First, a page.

ST. PAUL, Minn. – The Motor Vessel Ronald Wagonblast locked through Lock and Dam 2, near Hastings, Minn., Sunday, March 13, around 7:30 a.m. She was pushing 12 barges en route to St. Paul, Minn.
The Corps considers the first tow to arrive at Lock and Dam 2, near Hastings, Minn., as the unofficial start of the navigation season, because it means all of its locks are accessible to commercial and recreational vessels. The earliest date for an up-bound tow to reach Lock and Dam 2 was March 4, in 1983, 1984 and 2000. The average start date of the navigation season is March 22.
The Corps would also like to remind boaters to “share the road.” Commercial towboats with barges are less maneuverable and take longer to stop than recreation boats. Before getting underway, boaters should also know their boat and know the rules of the road.
• Take a safe boating course and check your boat for all required safety equipment;
• Consider the size of the boat, the number of passengers and the amount of extra equipment you have;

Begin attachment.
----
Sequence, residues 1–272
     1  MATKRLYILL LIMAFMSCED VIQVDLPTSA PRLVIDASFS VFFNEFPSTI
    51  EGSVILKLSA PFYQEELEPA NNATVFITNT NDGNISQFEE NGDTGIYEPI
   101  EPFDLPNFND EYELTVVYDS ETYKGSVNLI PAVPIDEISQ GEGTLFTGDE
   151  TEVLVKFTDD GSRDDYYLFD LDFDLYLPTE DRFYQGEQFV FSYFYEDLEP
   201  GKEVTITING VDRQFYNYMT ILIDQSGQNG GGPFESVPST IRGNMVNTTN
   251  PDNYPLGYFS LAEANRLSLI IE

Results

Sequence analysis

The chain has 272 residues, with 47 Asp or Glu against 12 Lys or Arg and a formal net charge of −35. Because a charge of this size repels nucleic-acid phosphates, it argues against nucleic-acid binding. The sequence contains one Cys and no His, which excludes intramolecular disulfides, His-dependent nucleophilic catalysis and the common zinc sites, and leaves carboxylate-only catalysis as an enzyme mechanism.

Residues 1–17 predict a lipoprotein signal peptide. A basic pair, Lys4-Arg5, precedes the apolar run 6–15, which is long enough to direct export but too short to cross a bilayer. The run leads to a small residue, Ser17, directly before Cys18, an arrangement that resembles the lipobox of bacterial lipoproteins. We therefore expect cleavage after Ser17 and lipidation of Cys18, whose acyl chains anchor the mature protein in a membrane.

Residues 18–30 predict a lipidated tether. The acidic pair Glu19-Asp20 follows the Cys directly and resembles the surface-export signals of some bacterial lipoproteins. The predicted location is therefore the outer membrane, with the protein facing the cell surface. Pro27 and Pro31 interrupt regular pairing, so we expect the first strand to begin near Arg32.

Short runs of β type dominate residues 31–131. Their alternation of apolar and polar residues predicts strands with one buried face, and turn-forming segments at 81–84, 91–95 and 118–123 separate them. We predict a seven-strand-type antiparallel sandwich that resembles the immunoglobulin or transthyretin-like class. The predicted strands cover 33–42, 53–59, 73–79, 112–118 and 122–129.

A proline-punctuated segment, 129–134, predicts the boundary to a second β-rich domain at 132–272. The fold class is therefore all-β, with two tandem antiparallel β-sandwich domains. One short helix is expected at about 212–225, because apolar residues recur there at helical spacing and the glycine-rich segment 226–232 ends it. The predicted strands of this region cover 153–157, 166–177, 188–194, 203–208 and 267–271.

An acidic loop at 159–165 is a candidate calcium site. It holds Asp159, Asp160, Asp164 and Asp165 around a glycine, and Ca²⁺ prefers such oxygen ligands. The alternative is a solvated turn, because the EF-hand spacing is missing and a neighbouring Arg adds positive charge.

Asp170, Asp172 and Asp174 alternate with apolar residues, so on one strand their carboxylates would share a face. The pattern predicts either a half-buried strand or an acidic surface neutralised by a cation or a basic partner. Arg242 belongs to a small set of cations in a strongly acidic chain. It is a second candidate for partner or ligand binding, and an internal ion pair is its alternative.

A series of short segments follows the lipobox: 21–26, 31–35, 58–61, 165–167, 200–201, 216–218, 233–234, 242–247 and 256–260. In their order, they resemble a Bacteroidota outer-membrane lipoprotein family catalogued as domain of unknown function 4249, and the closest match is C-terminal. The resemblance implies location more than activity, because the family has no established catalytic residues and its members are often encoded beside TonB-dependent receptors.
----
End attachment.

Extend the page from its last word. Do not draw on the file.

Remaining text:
• Wear your life jacket, don’t just carry it on board – events can happen quickly;
• Leave alcohol behind to increase your safety and decrease your risk;
• Check the weather forecast; and
• File a float plan with a friend or family member.
The first tow to reach Lock and Dam 2 in 2015 was the M/V New Dawn. She was locked through March 25, 2015. The last tow of the 2015 season was the M/V Charlie G. She departed the lock heading south Dec. 3, 2015.
The St. Paul District maintains a 9-foot navigation channel and operates 12 locks and dams to support navigation from Minneapolis to Guttenberg, Iowa. Keeping this system open is vital to the nation’s economy. The commercial navigation industry estimates nearly $270 million is saved in shipping costs by using the inland waterways instead of overland shipping methods.
The nearly 600 U.S. Army Corps of Engineers, St. Paul District, employees working at more than 40 sites in five upper-Midwest states serve the American public in the areas of environmental enhancement, navigation, flood damage reduction, water and wetlands regulation, recreation sites and disaster response. Through the Corps’ Fiscal Year 2015 $100 million budget, nearly 1,600 non-Corps jobs were added to the regional economy as well as $155 million to the national economy. For more information, see www.mvp.usace.army.mil.
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The U.S. Army Corps of Engineers, St. Paul District
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